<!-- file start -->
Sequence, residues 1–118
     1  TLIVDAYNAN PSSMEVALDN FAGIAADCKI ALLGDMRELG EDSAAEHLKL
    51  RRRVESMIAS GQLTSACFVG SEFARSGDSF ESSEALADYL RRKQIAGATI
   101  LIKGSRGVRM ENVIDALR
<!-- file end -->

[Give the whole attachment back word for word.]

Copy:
Sequence, residues 1–118
     1  TLIVDAYNAN PSSMEVALDN FAGIAADCKI ALLGDMRELG EDSAAEHLKL
    51  RRRVESMIAS GQLTSACFVG SEFARSGDSF ESSEALADYL RRKQIAGATI
   101  LIKGSRGVRM ENVIDALR